A big drop in prices at the pump pushed down consumer prices in metro Denver between July and September and offset rapidly rising food and housing costs, according to the latest Consumer Price Index for Denver-Aurora-Lakewood.
Consumer prices fell 0.2% between July and August in the metro area, compared to price gains nationally. That helped push down year-over-year consumer inflation to a 7.7% rate, down from an 8.2% annual rate measured in August and below the 8.2% annual inflation rate measured nationally in September.
A big driver of that short-term drop in metro Denver was a 22.1% decline in the cost of gasoline between July and September. It was so large that it outweighed a 1.3% gain in food prices and a similar increase in housing costs over that two-month period.
Annual food inflation has reached 11.8% in metro Denver, with the cost of food purchased for home consumption up 14.4%. Cereal and baked goods are up 18%, having replaced meat and poultry, up 12.9%, as the fastest-rising category among food items, aside from non-alcoholic beverages, which are up 18.8%.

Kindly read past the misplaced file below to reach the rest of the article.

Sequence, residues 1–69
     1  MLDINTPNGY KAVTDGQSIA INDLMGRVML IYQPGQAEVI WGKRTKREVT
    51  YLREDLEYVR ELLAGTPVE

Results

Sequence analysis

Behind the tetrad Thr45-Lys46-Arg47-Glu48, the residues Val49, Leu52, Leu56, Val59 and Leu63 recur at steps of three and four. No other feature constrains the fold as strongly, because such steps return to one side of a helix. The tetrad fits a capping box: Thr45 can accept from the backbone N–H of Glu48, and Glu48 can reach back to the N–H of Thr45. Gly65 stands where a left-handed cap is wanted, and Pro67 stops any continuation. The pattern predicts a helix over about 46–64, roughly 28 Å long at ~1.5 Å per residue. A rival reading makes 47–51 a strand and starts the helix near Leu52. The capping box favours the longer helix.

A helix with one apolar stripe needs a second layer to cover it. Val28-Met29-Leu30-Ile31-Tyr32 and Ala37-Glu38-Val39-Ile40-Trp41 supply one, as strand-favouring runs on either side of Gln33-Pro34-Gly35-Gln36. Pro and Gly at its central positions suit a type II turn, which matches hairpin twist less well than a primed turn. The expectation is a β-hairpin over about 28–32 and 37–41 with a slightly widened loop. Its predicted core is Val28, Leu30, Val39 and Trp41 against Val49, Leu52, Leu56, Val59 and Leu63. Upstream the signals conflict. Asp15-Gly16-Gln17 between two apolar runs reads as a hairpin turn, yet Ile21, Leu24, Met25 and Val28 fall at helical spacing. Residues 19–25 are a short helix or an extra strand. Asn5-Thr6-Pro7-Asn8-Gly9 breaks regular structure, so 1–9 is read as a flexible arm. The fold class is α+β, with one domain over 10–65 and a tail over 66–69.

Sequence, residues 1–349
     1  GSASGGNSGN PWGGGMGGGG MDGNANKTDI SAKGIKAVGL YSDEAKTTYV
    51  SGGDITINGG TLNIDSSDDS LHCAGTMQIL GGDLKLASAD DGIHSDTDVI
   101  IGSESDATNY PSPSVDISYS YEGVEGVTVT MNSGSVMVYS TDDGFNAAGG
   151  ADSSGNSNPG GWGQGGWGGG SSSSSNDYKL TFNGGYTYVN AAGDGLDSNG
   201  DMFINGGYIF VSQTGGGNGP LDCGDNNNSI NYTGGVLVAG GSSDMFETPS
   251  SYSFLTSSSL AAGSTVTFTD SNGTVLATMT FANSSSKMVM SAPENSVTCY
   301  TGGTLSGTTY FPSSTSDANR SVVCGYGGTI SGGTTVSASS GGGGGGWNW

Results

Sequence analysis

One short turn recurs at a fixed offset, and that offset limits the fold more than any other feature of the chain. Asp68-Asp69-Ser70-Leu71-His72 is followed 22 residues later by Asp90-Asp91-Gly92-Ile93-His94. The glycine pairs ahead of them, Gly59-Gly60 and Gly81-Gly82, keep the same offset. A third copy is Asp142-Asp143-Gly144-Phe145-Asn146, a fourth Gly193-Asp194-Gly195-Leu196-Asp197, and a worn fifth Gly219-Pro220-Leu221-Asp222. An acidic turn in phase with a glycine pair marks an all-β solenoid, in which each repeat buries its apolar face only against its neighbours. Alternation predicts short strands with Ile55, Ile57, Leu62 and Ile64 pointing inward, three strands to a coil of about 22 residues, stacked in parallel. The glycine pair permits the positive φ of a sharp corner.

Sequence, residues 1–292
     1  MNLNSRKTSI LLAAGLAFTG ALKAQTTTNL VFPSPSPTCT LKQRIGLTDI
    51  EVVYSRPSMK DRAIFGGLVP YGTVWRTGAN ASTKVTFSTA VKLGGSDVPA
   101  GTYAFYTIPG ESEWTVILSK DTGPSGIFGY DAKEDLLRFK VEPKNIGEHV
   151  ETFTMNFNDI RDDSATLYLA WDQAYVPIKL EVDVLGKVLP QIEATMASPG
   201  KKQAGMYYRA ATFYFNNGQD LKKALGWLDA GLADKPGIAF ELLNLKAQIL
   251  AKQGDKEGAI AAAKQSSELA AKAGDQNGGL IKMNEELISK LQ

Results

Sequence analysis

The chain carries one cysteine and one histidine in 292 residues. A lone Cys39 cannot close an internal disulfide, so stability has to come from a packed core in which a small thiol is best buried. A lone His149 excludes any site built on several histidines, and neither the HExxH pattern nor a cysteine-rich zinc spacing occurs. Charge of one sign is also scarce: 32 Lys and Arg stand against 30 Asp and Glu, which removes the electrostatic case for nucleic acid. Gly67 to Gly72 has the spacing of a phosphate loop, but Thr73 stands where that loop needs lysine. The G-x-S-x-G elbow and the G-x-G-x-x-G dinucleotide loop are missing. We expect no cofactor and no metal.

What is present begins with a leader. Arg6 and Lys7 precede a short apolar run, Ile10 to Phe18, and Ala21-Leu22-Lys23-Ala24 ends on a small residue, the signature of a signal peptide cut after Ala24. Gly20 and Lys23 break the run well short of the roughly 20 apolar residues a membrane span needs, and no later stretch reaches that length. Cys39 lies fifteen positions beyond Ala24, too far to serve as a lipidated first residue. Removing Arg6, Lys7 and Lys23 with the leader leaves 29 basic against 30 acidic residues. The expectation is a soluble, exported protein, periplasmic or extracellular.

Housing costs, which weigh heavily on the CPI and are the largest source of spending for most households, are up 8.2% in metro Denver, with rents up 10.4%. Those could continue to exert upward pressure on inflation.
“The latest inflation numbers provide little comfort for hard-pressed consumers as higher prices remain an embedded feature of economic life. This is especially true in essential categories like food, gasoline, and energy where the increases are particularly sharp and continue to drain household income,” said Neil Saunders, managing director of GlobalData, a retail consultant, in comments on the U.S. inflation numbers.
Gasoline prices are also on the rise again after OPEC Plus members agreed to cut oil production targets by 2 million barrels a day, which has resulted in higher oil prices.
Metro Denver was among only five metros out of 23 where inflation numbers are tracked to have seen a decline in prices between July and September, according to an analysis from WalletHub.
Anchorage had the biggest two-month decline in consumer prices at 4%, followed by San Francisco and Detroit down 0.5%. Washington, D.C., matched Denver’s 0.2% decline.
Inflation is running hottest in Atlanta, which was up 1.3% in the two-month period and San Diego and Boston, where prices rose 0.9%.
Based on its annual inflation rate, metro Denver ranks 19th among the 23 metros tracked by the U.S. Bureau of Labor Statistics. Phoenix has the highest inflation rate at 13%, followed by Atlanta at 11.7% and Miami at 10.7%.
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